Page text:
British-born Australian architect Norman Selfe came very close to being known as the man who designed the Sydney Harbour Bridge, and it kinda sounds like old mate was actually done dirty. He submitted various designs for various competitions, coming second in 1900. In 1902 he won a second competition, however the bridge was never built due to an economic slowdown, which meant that and he couldn’t claim his prize money of £20,000 for further work he did on the designs. He submitted further plans in 1908, but city planners at the time favored a tunnel instead. Despite his design not being used, he was successful and well-regarded enough to have an area of the city – Normanhurst – named after him during his lifetime. We wonder how the New Year's Eve fireworks display would look when spread over three mini versions of the steel arch we know today?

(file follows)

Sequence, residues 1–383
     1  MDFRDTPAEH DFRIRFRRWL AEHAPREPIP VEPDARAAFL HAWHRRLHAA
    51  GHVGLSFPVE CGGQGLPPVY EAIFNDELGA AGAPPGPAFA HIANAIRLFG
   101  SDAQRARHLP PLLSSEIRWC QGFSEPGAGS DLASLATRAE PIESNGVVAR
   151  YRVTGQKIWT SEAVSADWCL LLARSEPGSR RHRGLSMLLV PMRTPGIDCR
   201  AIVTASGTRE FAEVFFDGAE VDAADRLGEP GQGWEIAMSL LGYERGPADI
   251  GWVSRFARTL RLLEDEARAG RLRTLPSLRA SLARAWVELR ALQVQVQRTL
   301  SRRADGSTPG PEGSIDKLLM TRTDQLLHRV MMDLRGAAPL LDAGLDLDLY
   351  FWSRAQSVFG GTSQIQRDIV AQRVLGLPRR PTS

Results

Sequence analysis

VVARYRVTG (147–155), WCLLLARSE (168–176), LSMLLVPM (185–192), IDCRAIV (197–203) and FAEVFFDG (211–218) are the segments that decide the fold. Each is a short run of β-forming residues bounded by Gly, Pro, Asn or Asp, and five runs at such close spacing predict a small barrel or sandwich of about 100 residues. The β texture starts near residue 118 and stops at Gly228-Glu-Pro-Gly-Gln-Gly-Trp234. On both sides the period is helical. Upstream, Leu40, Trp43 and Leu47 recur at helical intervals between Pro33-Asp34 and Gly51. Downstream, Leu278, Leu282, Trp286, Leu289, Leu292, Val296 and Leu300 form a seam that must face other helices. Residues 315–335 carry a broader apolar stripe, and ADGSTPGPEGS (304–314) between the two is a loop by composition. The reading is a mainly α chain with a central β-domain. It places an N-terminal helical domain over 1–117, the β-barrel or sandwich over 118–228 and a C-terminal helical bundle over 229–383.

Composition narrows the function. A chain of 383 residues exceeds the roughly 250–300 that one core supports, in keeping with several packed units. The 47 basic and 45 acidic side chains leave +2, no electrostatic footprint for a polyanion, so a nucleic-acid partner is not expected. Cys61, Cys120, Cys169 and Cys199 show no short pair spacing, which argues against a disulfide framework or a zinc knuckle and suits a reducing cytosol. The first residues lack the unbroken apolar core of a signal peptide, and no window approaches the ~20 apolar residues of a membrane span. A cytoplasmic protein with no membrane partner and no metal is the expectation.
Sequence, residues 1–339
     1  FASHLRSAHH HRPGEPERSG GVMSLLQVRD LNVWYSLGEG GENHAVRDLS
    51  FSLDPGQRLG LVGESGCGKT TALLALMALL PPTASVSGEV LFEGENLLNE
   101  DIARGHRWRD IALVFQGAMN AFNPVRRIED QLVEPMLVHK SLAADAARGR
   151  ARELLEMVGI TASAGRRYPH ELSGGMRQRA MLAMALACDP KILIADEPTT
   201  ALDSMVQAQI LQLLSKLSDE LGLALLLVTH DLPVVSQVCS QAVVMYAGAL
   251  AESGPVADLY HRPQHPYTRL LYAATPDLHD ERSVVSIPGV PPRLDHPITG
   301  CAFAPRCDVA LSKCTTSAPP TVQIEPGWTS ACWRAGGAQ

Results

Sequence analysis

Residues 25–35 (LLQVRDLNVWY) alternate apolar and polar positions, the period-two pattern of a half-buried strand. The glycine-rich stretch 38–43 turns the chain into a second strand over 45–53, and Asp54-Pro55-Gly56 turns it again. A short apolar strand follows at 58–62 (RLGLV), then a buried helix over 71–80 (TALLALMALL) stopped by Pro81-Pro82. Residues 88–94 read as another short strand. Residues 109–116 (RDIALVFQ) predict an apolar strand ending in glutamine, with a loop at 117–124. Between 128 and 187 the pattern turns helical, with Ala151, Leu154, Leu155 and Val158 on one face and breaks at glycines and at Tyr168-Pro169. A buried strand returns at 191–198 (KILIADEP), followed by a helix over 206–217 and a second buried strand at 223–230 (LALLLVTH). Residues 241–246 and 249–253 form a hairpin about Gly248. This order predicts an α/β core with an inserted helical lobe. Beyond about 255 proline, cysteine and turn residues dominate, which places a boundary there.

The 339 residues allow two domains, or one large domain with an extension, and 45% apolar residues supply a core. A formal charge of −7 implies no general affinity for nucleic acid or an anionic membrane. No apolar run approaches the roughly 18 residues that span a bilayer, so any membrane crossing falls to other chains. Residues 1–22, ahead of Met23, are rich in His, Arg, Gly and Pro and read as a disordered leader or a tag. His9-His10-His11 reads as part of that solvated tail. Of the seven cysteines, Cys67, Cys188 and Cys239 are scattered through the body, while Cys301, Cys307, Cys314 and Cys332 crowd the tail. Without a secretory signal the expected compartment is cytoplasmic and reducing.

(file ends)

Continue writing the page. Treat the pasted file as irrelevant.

The heritage-listed Sydney Harbour Bridge is as iconic to the Emerald City as the shell-like white sails of the Sydney Opera House. But you might not know that the design for the 'Coathanger', as we affectionately call it, which is the largest steel arch bridge in the world, was not decided upon very easily. In 1900, the government announced a worldwide competition for the design and construction of the bridge, and more than 70 designs were rejected. British firm Dorman Long eventually won the contract in 1924 after successive competitions were held.
That's right, the decision process took nearly a quarter of a century. The bridge we know today was opened 89 years ago in 1932, after construction started in 1923. But it could have been a very different story. Let's explore some visions of just how differently Circular Quay would look if the government had been swayed by another proposed design. These incredible digital renderings were created by UK-based creative studio NeoMam, as commissioned by Budget Direct Travel Insurance.